Baghdad's New Normal

A calmer Iraqi capital is tested by an attack on Shiite pilgrims.

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A 10th Mountain Division soldier in Baghdad's Dora neighborhood.

By SHARE

BAGHDAD—As recently as a few months ago, Samir Ali Hussein, a former mechanical engineer, rarely left home because of the perils outside. Hussein, a Shiite, and his Sunni wife considered fleeing, but as a mixed couple couldn't count on finding safety in a Shiite neighborhood. So they stayed put in their small house where Samir's calculator and rulers, covered with a thin layer of dust, are arranged at perfect right angles on his living room side table.

Now, life seems a bit better. He leaves home on occasion, at least for a little while, since violence is down sharply. "The Mahdi Army and the al Qaeda guys are just sleeping now," he tells the American soldiers conducting a census of local residents. "They haven't gone anywhere—they just put their guns in the closet for a while, or you're paying them to stand at checkpoints. For my street, that's peace."

Baghdad remains a divided and still frighteningly dangerous city where essential services like electricity, water, and sewage treatment are scarce. Reconciliation at the national level is still uncertain. Last week, Shiites marching south for an annual pilgrimage on one of the city's main thoroughfares were attacked with hand grenades and small-arms fire from Sunnis, killing three and wounding dozens. In the deadliest attack, a suicide bomber targeting the pilgrims killed 56 people in a town about 30 miles to the south; four more were killed by a roadside bombing a day later.

"The Awakening." But at the neighborhood level, within the confines of the 12-foot-tall concrete blast barriers ringing many districts, a fragile truce exists among the largely Shiite-led Iraqi Army, the national and local police, and the Sunni-dominated quasi-militia groups on the American payroll loosely called "the Awakening."

The cease-fire extension announced last month by the leader of the country's largest Shiite militia, firebrand cleric Moqtada al-Sadr, was met with relief by U.S. forces. One excited soldier from the 1-28 Infantry in Baghdad E-mailed home: "Thank God, Dad. Looks like my last three months in country may stay quiet—knock on wood." Maybe. But Sadr's cease-fire extends only to militia members under his control, and other factions still plant bombs, lob mortars and rockets at American bases, and continue sectarian cleansing and killing.

Networking. Violence has fallen by two important measures: attacks against American forces and sectarian murders of Iraqi civilians. In Baghdad's West Rasheed area, for example, murders fell from 553 in January 2007 to 20 in January 2008; attacks using improvised explosive devices (IEDs) fell from 178 in February 2007 to five last month. "Now it's time to win this, not just make it more stable," said Lt. Col. Pat Frank, commander of the 1-28 Infantry, moments after hearing the news of the al-Sadr cease-fire.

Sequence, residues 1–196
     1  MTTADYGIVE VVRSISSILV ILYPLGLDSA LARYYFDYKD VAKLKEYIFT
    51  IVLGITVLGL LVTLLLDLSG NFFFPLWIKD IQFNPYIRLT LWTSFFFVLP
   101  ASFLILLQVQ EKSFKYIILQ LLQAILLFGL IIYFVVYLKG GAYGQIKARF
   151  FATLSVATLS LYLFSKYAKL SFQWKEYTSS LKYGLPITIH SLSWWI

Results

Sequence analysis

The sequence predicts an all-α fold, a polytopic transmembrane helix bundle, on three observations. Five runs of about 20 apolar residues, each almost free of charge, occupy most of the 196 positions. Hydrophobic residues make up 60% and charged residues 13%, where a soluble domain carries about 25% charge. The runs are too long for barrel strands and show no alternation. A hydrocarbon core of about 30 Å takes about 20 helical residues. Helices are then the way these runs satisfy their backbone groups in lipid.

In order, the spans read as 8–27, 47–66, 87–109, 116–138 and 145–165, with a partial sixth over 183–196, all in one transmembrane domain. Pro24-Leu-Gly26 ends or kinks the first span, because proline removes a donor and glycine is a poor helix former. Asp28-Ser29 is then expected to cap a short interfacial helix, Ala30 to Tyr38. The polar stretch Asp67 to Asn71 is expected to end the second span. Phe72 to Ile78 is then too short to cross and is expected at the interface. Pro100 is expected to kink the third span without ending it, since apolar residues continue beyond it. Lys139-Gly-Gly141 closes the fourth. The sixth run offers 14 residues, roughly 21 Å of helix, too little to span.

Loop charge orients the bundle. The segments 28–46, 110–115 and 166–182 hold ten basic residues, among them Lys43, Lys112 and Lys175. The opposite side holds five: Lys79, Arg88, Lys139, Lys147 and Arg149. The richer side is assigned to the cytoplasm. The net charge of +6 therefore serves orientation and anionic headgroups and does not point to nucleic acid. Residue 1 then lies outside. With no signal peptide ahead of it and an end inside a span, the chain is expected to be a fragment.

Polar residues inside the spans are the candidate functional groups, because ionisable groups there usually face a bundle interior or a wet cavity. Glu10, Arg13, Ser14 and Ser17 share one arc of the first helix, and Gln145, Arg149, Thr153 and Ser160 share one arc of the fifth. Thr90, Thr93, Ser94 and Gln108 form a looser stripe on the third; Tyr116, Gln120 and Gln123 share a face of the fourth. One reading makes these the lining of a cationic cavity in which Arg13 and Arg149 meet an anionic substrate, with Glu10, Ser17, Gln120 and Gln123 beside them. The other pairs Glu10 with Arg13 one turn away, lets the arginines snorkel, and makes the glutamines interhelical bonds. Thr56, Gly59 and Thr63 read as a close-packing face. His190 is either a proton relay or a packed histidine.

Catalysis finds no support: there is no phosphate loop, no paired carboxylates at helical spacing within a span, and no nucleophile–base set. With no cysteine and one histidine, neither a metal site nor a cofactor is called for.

One element that has changed in the past year is that many officers as junior as lieutenants and captains now have developed extensive networks of Iraqi informants, who provide tips about ieds and kidnappings. Capt. Brian Ducote of the 1-28 Infantry, whose combat outpost sits on a Shiite-Sunni fault line in the Dora neighborhood, has more than 400 Iraqi contacts in his cellphone (it rings frequently) and can converse in passable Arabic with his sources.

For the U.S. military, the current stability has required a reconciliation of sorts with former Sunni insurgent and Mahdi Army enemies—which includes promising to set free thousands of jailed Iraqis. "We had to make peace with the Mahdi Army, recognize the needs of the people that it was trying to serve and recognize its, in many ways honorable, roots," says Frank. At meetings with local Shiites in the capital's Aamel district, Frank's PowerPoint presentation includes a slide that acknowledges that the militia has "defended Shiites from attacks, provided essential services, and encouraged participation in elections."

And it has worked: Frank now has contact with brigade-level commanders in the Mahdi Army, and Ducote recently took some of his men to a Mahdi Army street celebration. "The moderates within the Mahdi Army were delivering essential services, so why not partner with them," says Ducote. And the Americans also have reconciled with one-time members of the Sunni insurgency and of the terrorist group Al Qaeda in Iraq. Col. Ali Raad is keen on talking about his new job as commander of the local Sons of Iraq unit, a neighborhood Sunni militia. He's less keen on talking about his résumé between the time he left as an instructor at an Iraqi Army Special Forces academy in 2003 and the time he was tossed into Abu Ghraib prison shortly after the U.S. invasion. He smiles coyly—refusing to even acknowledge the existence of a Sunni insurgency—and says he was driving a taxi and was picked up for being at the wrong place at the wrong time. Raad spent eight months in the prison, where he says that he learned the value of forgiveness, including forgiving the American troops who invaded his country.